Opening up imagination, thinking outside the box
One of the steps to take in order to open up imagination is to engage in experiments, without knowing what will come out of them. While working on their imagined futures, students are not constrained by criteria of plausibility or desirability. The goal is not to identify futures that are likely to occur, but to open the mind and body to unsuspected possibilities, to be ready to be surprised. Imagination is key: ‘Working with art and imagination is essential, we have to move beyond the predictive aspect of anticipating the future’, says Anne-Caroline. She adds: ‘When we imagine possible futures beyond the scientific framework, we have liberty to invent weird worlds. The idea was to create an environment conducive to experimentation.’ Here, weird is not a bad word. According to the Cambridge Dictionary, weird means: ‘very strange and unusual, unexpected’. It appears to be the only way to propose new civilizational paths for the future.
Exploring paths for the future through storytelling
The relationship between science and fiction goes beyond artistic inspiration. The CSF highlights a lesser-known aspect of science: the importance of narrative. On the one hand, science formulates narratives: it makes us aware of our environment, and tells us something of our world. On the other hand, science opens up new perspectives and, by expanding our knowledge, brings to light the extent of what we do not know. In doing so, they create spaces of mystery that leave room for the imagination. The author Wilfried N’Sondé, who writes novels based on scientific discoveries, said it with a touch of irony during a round table: ‘Science is convenient for fiction because scientists know very little, it’s an open door to the story!’. Based on one scientific fact, a diversity of narratives can coexist, thus creating different visions of the world.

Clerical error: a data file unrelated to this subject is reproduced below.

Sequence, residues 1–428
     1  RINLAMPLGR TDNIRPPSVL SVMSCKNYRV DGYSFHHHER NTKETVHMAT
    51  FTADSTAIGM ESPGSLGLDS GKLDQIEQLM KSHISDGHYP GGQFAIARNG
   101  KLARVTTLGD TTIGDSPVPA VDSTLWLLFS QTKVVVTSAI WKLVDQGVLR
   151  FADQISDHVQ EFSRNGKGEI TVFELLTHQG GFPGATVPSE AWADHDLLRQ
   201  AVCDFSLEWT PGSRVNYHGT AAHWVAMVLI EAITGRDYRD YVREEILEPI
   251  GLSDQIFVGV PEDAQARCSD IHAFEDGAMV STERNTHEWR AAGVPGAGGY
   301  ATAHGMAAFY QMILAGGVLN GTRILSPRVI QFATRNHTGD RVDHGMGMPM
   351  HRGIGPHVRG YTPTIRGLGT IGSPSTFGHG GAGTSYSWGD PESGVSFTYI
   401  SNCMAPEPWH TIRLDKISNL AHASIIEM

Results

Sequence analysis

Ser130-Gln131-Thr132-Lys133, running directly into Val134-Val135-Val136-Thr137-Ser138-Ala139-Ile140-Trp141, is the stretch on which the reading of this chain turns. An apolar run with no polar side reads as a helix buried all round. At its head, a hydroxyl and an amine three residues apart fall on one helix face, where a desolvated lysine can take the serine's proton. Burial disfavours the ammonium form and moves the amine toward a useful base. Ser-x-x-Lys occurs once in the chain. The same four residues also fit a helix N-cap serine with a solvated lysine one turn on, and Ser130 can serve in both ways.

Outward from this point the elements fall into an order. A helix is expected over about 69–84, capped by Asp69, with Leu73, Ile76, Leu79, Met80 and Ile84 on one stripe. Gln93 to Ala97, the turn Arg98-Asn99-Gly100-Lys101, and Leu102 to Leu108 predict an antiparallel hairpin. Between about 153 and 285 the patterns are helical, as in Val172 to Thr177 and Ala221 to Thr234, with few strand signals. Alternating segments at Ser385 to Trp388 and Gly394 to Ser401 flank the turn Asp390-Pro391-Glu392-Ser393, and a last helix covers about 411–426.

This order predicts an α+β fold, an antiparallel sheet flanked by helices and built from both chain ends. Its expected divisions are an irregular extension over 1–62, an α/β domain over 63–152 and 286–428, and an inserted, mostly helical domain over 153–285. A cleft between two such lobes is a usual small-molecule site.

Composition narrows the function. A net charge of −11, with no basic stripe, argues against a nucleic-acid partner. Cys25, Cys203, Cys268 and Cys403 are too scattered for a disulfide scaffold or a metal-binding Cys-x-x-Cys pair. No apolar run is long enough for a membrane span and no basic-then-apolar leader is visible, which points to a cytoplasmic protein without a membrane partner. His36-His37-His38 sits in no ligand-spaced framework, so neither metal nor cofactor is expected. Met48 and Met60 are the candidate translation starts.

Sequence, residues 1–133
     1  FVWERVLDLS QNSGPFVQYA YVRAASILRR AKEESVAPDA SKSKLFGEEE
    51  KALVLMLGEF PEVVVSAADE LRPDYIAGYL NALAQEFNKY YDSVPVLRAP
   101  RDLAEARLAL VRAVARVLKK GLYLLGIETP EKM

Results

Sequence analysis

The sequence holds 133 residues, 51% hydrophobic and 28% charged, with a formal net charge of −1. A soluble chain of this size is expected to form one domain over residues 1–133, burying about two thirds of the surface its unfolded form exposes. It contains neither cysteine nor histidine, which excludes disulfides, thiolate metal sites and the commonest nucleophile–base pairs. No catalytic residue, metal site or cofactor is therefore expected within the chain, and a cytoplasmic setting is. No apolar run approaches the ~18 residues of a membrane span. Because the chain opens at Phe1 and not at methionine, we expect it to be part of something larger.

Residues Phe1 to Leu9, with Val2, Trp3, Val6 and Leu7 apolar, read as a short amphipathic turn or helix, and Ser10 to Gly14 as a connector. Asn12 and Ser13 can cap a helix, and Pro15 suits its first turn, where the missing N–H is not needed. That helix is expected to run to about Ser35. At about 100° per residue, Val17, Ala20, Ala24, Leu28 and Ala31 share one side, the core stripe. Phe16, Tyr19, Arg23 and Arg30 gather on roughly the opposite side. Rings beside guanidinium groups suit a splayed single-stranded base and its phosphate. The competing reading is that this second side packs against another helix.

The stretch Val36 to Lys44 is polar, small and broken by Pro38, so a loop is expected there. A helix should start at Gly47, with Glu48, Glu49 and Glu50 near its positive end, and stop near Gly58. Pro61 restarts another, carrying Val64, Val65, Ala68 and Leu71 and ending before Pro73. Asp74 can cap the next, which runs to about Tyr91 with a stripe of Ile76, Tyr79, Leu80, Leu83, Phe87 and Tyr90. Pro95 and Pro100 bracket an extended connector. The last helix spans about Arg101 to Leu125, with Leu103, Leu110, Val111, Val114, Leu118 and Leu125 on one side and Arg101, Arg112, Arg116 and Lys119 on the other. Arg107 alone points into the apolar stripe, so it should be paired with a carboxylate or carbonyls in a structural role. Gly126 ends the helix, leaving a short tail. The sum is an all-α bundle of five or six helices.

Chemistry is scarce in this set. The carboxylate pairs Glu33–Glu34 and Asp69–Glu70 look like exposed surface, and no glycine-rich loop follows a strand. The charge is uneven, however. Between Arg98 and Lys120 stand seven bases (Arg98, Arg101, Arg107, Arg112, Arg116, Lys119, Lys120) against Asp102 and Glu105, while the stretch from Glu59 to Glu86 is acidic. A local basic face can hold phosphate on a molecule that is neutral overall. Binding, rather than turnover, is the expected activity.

Addressing the environmental transition: the problem of impact
By promoting environmental change, the Science-Fiction Committee - supported by the Institute for Environmental Transition - reminds us of the eminently political nature of science. However, there is one question that practitioners struggle to answer, and that is the question of impact, i.e. the effect produced by their project. Nowadays, impact is a key criterion for judging the value of a project: it must have a quantifiable impact, it must produce something that can be seen as a return on investment. And above all, it must be able to prove it. Has the content produced by the SFC really inspired new ecological paths for scientists and nonscientists? Quantifying and measuring this kind of effect is close to impossible. How can we be sure of impact when we are trying to do things as complex and ambitious as ‘creating dialogue’, ‘integrating new audiences’ and ‘implementing new development trajectories’?